The epidemiology literature shows that vitamin C is critical for improvement of HbA1c and avoiding untoward effects in diabetics(41).  However, it can easily be argued that this is a vitamin effect not a pharmacologic effect. In the tobacco literature it has been shown that the prolonged and destructive exposure to tobacco smoke markedly reduces available vitamin C levels in vivo that are only replenished effectively with intravenous infusion(42-46).  Functional effects on the microvascular bed can be reversed with IV vitamin C(43,45).  It can be argued that tobacco smoking is a model for highly oxidative chronic diseases such as diabetes.  Benefits of infused vitamin C could have positive effects on microvasculature function. This would certainly be a good model for future research.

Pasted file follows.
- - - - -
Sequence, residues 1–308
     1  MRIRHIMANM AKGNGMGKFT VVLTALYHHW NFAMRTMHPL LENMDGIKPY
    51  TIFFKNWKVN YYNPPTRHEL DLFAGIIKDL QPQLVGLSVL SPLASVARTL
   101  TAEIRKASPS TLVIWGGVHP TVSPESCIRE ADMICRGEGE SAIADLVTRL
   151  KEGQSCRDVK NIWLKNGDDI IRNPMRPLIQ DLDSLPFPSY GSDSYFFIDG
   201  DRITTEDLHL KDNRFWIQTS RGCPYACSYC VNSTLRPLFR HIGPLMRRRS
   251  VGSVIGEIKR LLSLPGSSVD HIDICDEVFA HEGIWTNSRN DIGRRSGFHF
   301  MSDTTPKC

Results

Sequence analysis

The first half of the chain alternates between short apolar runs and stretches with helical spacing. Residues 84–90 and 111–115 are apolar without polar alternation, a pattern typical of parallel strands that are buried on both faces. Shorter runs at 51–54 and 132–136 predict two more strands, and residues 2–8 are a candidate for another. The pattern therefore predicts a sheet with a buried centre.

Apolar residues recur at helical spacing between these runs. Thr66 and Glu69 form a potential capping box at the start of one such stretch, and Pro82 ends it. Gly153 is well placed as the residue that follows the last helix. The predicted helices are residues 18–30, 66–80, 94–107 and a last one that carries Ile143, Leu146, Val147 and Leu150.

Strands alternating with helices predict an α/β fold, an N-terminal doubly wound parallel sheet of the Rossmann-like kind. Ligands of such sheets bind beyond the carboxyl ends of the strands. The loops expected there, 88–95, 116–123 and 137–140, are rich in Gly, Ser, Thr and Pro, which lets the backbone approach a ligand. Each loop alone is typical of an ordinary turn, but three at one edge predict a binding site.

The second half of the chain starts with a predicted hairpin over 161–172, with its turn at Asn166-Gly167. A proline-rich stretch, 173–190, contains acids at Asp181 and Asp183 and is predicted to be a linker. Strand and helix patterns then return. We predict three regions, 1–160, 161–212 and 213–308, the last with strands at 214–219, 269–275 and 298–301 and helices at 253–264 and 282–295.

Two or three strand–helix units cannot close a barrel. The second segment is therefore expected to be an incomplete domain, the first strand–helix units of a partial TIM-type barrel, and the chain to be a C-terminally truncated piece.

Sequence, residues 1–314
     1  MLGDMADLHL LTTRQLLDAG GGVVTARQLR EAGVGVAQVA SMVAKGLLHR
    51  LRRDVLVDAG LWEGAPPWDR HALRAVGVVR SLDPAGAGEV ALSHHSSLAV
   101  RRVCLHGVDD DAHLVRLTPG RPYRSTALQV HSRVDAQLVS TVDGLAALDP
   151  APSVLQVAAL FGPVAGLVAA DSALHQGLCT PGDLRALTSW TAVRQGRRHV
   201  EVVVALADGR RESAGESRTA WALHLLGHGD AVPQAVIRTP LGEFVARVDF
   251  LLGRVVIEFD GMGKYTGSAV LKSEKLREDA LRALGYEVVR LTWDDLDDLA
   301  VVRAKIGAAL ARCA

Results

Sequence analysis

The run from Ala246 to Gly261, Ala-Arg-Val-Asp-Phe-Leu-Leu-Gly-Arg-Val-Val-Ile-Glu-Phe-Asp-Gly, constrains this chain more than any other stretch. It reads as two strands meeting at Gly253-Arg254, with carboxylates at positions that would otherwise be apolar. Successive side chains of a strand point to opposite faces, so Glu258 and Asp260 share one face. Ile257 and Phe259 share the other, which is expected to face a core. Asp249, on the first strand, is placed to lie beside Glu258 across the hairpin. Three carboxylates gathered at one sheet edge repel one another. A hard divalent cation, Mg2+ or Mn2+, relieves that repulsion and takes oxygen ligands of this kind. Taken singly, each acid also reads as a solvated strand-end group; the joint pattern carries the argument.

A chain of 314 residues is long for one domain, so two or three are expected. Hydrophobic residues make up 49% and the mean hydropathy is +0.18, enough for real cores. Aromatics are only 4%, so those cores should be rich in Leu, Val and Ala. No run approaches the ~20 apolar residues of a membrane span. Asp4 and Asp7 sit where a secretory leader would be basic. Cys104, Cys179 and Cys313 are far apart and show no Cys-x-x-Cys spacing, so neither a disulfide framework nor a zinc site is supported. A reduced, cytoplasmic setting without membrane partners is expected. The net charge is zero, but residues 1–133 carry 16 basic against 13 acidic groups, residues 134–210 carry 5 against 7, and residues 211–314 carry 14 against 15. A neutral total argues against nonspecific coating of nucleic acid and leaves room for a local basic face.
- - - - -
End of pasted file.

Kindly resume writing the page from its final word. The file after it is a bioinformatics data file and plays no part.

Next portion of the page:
Other nonvascular effects of IV vitamin C also come into play such as the effects of ascorbate in steroidogenesis, vascular tone, adrenal gland function during stress, and general well-being(47-50).  Taking the narrow view that vitamin C acts only a pro-oxidant or an anti-oxidant may result in the risk of excluding vitamin C with its various positive functions, both known and as yet unknown, in the beneficial treatment of cardiovascular disease with EDTA chelation therapy.